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Maryland Terrapins center Brionna Jones (center) rebounds against Notre Dame Fighting Irish guard Kayla McBride (left) on Sunday at Bridgestone Arena. USA Today Sports photo

Unbeaten Irish cruise into final

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NASHVILLE, Tenn. — Behind All-America guard Kayla McBride, the Notre Dame women’s basketball is one game away from perfection.

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The Fighting Irish broke open a tightly contested first half with a McBride-led, 35-16 run, and Notre Dame routed Maryland 87-61 in Sunday’s first Women’s Final Four game at the Bridgestone Arena.

McBride scored 28 points on 12-for-21 shooting, and she pulled down seven rebounds as the Irish coasted for much of the second half. Notre Dame (37-0) awaits the winner of Sunday evening’s game between Connecticut and Stanford.

That game was not finished prior to press time.

“Kayla’s really hard to guard,” Notre Dame coach Muffet McGraw said. “She can do so many things with the ball, and she had a nice step-back move going early. She got to the rim a couple of times and she didn’t get in foul trouble, which plagued her the last game, so she was able to really play free.”

Notre Dame never was threatened in the second half by Maryland, one of its Atlantic Coast Conference rivals. The Terrapins found some momentum when center Alicia DeVaughn hit two free throws and followed with a field goal that cut the Irish’s lead to 54-37 with 16:34 left.

McBride quickly snuffed out any hope that Maryland had of rallying by hitting a 3-point shot from straight away. She then grabbed a defensive rebound, drove the floor and pulled up for a 17-footer that stretched the lead back to 22.

“They were really hard to guard,” Maryland guard Laurin Mincy said. “It seemed like they were shooting it in the ocean tonight. They were making contested shots, they were finishing with contact.”

McBride ended up three points shy of her season high despite playing only 30 minutes.

“I was in a flow,” she said. “In the Final Four as a senior, I was just trying to leave it on the floor. I was making open shots, I was feeling the crowd, feeling the environment.”

Maryland rested its hopes on All-America forward Alyssa Thomas, who averaged 19.1 points per game. The Fighting Irish, though, denied Thomas good looks, and she finished with 14 points on 5-for-12 shooting.

“When I got contained, it was always help-side,” Thomas said. “It just seemed nothing wanted to go down for me.”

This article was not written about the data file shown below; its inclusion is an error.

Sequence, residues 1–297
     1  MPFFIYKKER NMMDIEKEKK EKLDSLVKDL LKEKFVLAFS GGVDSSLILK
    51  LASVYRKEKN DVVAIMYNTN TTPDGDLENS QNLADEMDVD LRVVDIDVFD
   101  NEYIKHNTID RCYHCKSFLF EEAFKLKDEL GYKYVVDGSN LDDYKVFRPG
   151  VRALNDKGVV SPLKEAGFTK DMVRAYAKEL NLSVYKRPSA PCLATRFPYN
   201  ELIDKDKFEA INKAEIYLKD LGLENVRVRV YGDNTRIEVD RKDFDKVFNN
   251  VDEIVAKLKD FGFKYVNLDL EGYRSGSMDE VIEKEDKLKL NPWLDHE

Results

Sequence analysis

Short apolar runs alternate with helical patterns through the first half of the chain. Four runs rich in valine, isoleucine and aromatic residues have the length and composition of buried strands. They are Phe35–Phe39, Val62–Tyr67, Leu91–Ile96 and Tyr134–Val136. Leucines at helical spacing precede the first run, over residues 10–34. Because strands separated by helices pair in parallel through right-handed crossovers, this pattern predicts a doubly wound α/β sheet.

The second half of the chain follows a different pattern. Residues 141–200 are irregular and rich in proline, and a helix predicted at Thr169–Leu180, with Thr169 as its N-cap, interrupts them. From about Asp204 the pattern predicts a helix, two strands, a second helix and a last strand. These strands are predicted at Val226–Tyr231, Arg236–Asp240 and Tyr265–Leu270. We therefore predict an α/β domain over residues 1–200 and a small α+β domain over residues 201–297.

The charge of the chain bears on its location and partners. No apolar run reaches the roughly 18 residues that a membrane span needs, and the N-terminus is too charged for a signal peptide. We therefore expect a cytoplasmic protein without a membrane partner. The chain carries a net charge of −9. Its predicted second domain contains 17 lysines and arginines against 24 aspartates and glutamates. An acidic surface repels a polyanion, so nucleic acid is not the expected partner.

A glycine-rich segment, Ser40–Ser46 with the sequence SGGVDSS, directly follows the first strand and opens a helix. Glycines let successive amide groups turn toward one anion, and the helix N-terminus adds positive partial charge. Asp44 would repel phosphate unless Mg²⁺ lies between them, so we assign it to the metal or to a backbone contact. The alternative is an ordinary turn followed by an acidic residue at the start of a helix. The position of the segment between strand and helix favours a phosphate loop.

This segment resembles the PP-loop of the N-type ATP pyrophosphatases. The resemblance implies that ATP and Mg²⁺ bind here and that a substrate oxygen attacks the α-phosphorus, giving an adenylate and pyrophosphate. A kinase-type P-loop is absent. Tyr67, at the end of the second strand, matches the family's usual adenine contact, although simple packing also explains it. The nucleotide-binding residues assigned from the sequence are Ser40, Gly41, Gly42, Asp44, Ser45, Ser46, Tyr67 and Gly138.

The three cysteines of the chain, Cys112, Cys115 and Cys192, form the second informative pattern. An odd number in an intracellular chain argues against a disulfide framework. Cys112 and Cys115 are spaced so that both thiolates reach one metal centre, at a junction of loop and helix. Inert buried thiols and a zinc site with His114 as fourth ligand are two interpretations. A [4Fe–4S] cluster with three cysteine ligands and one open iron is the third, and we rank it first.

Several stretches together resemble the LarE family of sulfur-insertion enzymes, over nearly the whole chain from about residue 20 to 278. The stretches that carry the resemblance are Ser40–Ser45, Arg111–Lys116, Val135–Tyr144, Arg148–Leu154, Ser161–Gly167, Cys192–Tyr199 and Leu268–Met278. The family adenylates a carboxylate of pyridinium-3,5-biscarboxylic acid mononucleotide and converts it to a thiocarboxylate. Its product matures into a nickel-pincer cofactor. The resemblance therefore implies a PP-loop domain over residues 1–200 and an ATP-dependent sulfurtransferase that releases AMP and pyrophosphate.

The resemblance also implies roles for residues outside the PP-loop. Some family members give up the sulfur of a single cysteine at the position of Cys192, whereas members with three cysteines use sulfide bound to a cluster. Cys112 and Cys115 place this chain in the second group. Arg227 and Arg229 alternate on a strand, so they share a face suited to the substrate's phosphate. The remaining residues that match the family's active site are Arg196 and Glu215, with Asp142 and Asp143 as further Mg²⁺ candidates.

Most of her points came when the game was out of reach. Thomas had just five points on four shots in the first half.

“We just tried to keep a body on her,” McGraw said. “We tried to double-team her if she came near a ball screen. We tried to run people at her, have someone ready to get a charge, try to force her to go right a little.”

Any chance the Terps had of mounting a comeback were essentially erased by Thomas’ foul trouble. Thomas picked up her third early in the second half and went to the bench with a fourth with 8:27 remaining and Notre Dame leading by 21.

The Fighting Irish slowed the offensive pace for most of the second half but kept on scoring. They extended the lead to 25 multiple times.

When reserve guard Hannah Huffman hit a layup with 1:41 left, the lead ballooned to 27.

All-America guard Jewell Loyd scored 16 points for Notre Dame, and reserve forward Markisha Wright had 12.

Mincy played well off the Maryland bench, scoring 11 points, nine in the first half. Center Brionna Jones added 16 and guard Lexie Brown had 11 for the Terrapins (28-7).

Notre Dame destroyed the Terrapins in the paint, winning the rebounding battle 50-21 and scoring 42 points inside.

“I can’t explain that,” McGraw said. “That was something I didn’t even expect. I was just hoping we could outrebound them. We talked about rebounding being the key to the game, but boy, we did more than our share.”

Thomas said, “They just wanted it more. They focused on beating us on the boards, and they did.”

Maryland coach Brenda Frese was asked about saying goodbye to Thomas for the final time.

“I thanked her,” Frese said. “It was a dream come true to coach her. She left every single thing that she possibly could on the floor. It’s too early to think about life after her, but I am encouraged by the great minutes that our team was able to give this year, when you talk about our underclassmen we were able to develop.”

NOTES: This game featured three of the 10 players on the Women’s Basketball Coaches Association All-America squad, which was announced Saturday: Maryland F Alyssa Thomas, Irish G Jewell Loyd and Notre Dame G Kayla McBride. ... Notre Dame played without starting F Natalie Achonwa, who tore her ACL in the Irish’s regional final victory over Baylor. Achonwa watched from the bench in street clothes as freshman Taya Reimer started in her place and scored nine points. ... The teams met earlier in the season, when Notre Dame scored an 87-83 road victory on Jan. 27. ... The NCAA, making a point of emphasis of rules changes designed to improve freedom of movement and better shooting percentages, honored South Carolina coach Dawn Staley during a first-half break for coaching the nation’s most improved field-goal-shooting team. The Gamecocks shot 9.43 percent better than they did last year.

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